Prevent rust on your off-road vehicle

Sometimes keeping an off-road vehicle looking good is as important as maintaining a high level of performance. When you're constantly going mudding or tackling tough terrain, however, it can be difficult to keep your vehicle in prime condition. Consistent cleaning and frequent maintenance can go a long way toward making the exterior of a machine shine, but drivers often have to go the extra mile to prevent rust from building up on their rides. 

How it happens
At its core, rust is just the result of the chemical reaction between oxygen and water. This isn't a problem for many drivers, as the paint protects the metal frame of a vehicle, but over time scratches or nicks in an automobile may allow for rusting to occur. 

As a result, the places most susceptible to rust are the ones where water may build up. This is traditionally restricted to spots like the inside of doors, which frequently have condensation settle on them, or the area behind the wheels on the bottom of the automobile, where slush and ice can accrue in the colder months. Motorists who participate in off-road driving may find that the bottom of their vehicle can become a target for rust, as it is usually skimming mud, creeks and other bodies of water for an extended period of time. 

Preventing rust build up 
The first step toward stopping rust build up before it starts is keeping your eyes peeled for scratches in a vehicle's paint. Touch-up paint can be used to patch these smaller issues, and it's a good idea to keep a bit of the paint on hand, especially if you're frequently off-roading and encounter rocks, gravel, debris and other obstacles that could harm the exterior of an automobile. 

Even if you're watching out for cracks in the paint, rust could still be developing on the underside of a vehicle. Drivers who are dedicated to their rides may want to have an undercoat applied to the bottom. Yahoo reported that these rubberized coatings can seal the area against corrosion. If rust has already started forming, this step won't do much good, but it could help extend the life and enhance the look of newer vehicles.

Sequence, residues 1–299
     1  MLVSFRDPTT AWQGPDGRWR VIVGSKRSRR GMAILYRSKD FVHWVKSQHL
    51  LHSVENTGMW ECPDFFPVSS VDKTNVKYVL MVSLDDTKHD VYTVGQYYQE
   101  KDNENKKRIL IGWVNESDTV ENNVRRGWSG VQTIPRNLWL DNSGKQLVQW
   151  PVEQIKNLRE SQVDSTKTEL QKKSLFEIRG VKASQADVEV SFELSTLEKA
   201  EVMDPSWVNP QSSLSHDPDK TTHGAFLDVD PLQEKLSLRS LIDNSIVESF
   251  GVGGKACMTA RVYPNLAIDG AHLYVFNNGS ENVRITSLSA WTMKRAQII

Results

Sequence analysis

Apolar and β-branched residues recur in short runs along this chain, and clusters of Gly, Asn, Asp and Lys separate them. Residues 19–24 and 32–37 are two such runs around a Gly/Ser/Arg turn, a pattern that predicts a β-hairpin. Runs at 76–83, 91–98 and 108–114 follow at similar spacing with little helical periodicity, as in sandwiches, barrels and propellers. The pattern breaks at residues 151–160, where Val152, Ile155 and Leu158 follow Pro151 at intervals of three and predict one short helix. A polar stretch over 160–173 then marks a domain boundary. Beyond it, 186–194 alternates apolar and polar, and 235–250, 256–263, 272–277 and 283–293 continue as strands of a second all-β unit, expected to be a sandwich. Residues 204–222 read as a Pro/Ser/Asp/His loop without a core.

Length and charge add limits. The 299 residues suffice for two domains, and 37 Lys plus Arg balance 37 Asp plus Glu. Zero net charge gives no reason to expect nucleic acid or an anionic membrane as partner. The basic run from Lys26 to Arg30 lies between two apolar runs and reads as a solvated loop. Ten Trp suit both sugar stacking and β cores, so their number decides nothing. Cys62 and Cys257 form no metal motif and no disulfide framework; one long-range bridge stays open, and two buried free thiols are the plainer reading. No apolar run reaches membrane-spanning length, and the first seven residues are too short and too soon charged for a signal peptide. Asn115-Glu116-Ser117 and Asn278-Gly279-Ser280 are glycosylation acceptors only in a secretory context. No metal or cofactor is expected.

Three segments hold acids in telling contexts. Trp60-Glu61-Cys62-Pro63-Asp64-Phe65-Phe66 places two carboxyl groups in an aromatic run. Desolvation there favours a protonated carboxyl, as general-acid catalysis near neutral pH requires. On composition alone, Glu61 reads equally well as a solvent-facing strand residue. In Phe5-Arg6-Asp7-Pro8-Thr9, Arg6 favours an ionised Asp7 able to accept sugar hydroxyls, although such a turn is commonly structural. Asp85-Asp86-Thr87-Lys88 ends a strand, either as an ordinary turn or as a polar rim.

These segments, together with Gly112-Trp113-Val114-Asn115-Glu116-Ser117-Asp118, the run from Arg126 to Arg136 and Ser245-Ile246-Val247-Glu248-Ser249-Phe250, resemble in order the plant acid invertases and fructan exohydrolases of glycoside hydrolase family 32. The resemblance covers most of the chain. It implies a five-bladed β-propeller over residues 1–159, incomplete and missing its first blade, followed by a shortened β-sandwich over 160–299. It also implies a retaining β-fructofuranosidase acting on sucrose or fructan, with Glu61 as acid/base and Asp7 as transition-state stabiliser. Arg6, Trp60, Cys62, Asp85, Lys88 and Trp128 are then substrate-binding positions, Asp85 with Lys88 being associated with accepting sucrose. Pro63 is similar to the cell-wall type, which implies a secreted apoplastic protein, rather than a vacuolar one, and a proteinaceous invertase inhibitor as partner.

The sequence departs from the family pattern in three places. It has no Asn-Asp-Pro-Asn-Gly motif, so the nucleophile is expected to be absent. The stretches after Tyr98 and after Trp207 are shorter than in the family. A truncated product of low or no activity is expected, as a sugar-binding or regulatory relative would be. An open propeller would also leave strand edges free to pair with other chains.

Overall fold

No matter what the age of your automobile, you should be consistently washing and waxing it. Most of the area that you will be caring for will already be covered with paint, and thus less likely to begin rusting, but getting into the pattern of cleaning the truck or Jeep after off-road adventures can help avoid problems. During this process, be sure to open all doors, the hood and the trunk of the vehicle to check for hidden problem spots. At this time you can check the undercarriage and draining spots to make sure there are no budding issues that are breeding rust. 

Watch out for winter
Rust can be particularly harmful in the winter, when a vehicle comes into contact with massive amounts of salt placed on the roads to increase traction. The salt speeds up the rusting process, so it is important to pay attention to rust prevention as a regular part of vehicle maintenance. 

You should be cleaning a vehicle somewhat frequently throughout the winter season. Ridding a vehicle of salt that would otherwise sit on the exterior is incredibly important - especially if you are not off-roading as often as the rest of the year. Long breaks between drives can leave plenty of time for rust to wreak havoc on a vehicle and could cause preventable damage.